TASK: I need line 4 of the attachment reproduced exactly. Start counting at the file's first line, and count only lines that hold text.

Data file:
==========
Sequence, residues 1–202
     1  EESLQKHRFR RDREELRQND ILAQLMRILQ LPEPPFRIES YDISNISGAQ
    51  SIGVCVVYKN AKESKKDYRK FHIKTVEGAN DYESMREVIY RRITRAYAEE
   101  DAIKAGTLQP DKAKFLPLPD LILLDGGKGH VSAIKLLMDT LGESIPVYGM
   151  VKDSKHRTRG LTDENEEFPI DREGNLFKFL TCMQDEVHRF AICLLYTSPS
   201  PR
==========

   101  DAIKAGTLQP DKAKFLPLPD LILLDGGKGH VSAIKLLMDT LGESIPVYGM